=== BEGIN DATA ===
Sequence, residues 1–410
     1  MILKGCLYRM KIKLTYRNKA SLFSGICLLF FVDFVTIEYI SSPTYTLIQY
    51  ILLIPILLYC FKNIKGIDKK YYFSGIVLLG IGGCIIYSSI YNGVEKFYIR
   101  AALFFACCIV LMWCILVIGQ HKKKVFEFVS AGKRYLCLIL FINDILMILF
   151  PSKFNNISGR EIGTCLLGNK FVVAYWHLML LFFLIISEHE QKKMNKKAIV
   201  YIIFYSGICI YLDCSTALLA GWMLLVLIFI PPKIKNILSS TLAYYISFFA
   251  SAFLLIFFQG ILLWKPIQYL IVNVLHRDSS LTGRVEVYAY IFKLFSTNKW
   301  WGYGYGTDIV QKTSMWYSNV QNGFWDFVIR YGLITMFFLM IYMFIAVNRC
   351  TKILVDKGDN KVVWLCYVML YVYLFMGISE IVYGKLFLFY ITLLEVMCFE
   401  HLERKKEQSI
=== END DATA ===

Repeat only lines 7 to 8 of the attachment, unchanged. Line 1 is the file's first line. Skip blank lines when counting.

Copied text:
   251  SAFLLIFFQG ILLWKPIQYL IVNVLHRDSS LTGRVEVYAY IFKLFSTNKW
   301  WGYGYGTDIV QKTSMWYSNV QNGFWDFVIR YGLITMFFLM IYMFIAVNRC